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How To Use Demarketing To Drive More Leads From Your Blog

13 February 2019 | 0 comments | Posted by Che Kohler in nichemarket Advice

How to use demarketing on your blog

Marketing your business online takes all kinds of time, effort and skills. In the past companies and blogs could get away with focusing all their efforts on one primary channel but as competition increases sites who want to remain a top need to adopt an omnichannel approach to marketing and communications. 

If omnichannel is where digital marketing is moving towards, then content marketing will be the platform or the glue that brings a successful omnichannel strategy together.

Reaching out to customers with various levels of intent or stage of the purchase cycle means you will be getting different users to your site and they all will need different messaging to try and get them to convert. Businesses who employ a content strategy often only look at talking up the product and its benefits and while this may work for a particular interest group its not for everyone. 

Sometimes taking an alternative approach can be useful in you your content marketing mix, one way to mix up your content appeal is to make use of demarketing. Creating content that caters to various ranges of thought can help you attract users with different intentions but who could still make use of the products or services you provide. 

Tip! If you feel demarketing does not suit your business or you think it would detract from your products and offerings then perhaps you should look at mid-funnel content marketing approach or a B2B content marketing strategy.

What is demarketing?

Coined by Phillips Kotler and Sidney Levy, Demarketing was defined as the conscious efforts made by a company to encourage consumers to reduce consumption of a product.

Webster’s dictionary says that demarketing is

“The use of advertising to decrease demand for a product that is in short supply.”

However, this is a very narrow definition and demarketing is actually any attempt that is made to discourage consumers from buying a certain product or service. So how does telling people not to use your service get them to use your service? The art is in how you present it of course. 

When should you use demarketing?

Demarketing has often been used rather abruptly as the last measure due to scarcity or to avoid legal action. We've seen aggressive demarketing campaigns in the energy and alcohol industry but these are more extreme cases. Demarketing can be employed subtly and elegantly to inform customers and allow the reader to convince themselves of your product or service.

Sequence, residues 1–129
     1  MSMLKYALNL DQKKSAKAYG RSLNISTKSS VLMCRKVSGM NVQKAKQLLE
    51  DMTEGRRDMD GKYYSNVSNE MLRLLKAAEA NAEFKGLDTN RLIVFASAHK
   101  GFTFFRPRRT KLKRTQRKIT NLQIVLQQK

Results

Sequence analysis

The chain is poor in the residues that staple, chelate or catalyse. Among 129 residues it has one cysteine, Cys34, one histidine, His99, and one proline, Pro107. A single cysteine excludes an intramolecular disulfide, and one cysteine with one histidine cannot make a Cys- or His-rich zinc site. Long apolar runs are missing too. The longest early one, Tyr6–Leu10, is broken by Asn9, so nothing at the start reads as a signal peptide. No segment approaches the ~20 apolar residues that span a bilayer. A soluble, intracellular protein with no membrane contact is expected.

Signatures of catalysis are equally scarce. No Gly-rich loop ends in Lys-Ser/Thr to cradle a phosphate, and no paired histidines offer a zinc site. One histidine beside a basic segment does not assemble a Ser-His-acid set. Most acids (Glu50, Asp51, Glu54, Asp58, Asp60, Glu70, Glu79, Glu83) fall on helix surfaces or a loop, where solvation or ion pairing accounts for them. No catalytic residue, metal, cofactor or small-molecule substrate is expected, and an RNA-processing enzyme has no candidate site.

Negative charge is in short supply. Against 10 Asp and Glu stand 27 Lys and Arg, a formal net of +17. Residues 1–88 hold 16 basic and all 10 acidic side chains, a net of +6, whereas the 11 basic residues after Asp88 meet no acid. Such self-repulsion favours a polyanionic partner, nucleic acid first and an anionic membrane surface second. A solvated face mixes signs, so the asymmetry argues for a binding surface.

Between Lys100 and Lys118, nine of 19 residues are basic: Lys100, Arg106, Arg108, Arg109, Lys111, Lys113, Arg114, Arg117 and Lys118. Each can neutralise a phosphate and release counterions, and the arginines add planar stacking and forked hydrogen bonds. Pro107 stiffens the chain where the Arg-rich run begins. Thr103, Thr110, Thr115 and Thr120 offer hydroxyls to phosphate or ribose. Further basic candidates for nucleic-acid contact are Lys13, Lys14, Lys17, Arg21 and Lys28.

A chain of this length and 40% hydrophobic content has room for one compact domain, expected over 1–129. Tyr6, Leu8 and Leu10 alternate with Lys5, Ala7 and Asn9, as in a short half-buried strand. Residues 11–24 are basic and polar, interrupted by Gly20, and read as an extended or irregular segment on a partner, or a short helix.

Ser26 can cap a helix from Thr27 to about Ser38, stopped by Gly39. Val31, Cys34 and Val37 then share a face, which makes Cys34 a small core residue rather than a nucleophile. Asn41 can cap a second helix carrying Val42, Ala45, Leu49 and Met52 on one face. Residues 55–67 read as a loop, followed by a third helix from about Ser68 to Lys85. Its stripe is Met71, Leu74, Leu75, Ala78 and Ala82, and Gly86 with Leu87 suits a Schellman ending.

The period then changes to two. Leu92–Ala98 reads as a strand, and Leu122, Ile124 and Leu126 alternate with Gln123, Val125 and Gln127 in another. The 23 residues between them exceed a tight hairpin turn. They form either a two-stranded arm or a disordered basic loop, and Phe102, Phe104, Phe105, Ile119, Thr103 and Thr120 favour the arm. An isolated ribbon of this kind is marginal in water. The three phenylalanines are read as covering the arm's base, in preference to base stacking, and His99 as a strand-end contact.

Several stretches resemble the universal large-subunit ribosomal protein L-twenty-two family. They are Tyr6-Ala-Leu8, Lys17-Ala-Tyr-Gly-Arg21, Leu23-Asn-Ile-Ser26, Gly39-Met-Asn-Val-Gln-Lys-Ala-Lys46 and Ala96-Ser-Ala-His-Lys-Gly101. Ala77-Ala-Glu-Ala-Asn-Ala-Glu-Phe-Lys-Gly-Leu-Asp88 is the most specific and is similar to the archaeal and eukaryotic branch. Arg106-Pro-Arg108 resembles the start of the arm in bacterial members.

Demarketing can be applied to various situations such as:

  • If your product or service is highly complex
  • If your product or service can result in physical damage
  • If your product or service is not available in a specific area due to a certain local or national laws
  • If your product has cheaper generic alternatives
  • If your product or service requires a level of oversight

How to create demarketing content?

Think of how detractors of your product and service would think. Why would they not use their buy from you? Is it too expensive then speak about the exclusivity aspect. If they think they can do it by themselves speak about the subtle complexities and time-saving aspects. Approach your demarketing content as a way to sell your product or service by telling the user their frame of thought is correct but provide them with key considerations on why they should still go against their better judgement. 

If you're struggling to come to terms with the subtle art of demarketing, let me illustrate using an example of how we at nichemarket make use of demarketing.

Example:

Our blog is filled with hundreds of posts regarding marketing and how to do things yourself. Our most popular DIY posts are those around using Google Manager. Many of our readers are marketers and would understand how to use the instructions we provide. However, there are times when small business owners come across our content and feel the set up is too complex and would rather request we provide the tracking on their behalf. On other occasions, marketers would contact us because a standard solution we provide in our post simply won't suit their website and require a custom solution, which of course we are happy to provide. 

In both cases, the user had the intent to do the work themselves but the content allowed them to sell our service to themselves instead of us trying to convince them why we are the best service provider. 

Share your blogging story

Have you been struggling to get your blog views to convert into leads? Share your stories or tips with us in the comments. We would love to hear from you.

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If you're a freelance writer, let people know about your services. Create your free business listing on nichemarket. The more information you provide about your business, the easier it will be for your customers to find you online.

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Recommended reading

If you found this post helpful and have a few more minutes to spare, then head deeper down the rabbit hole with the following articles:

Tags: demarketing , content marketing , blogging

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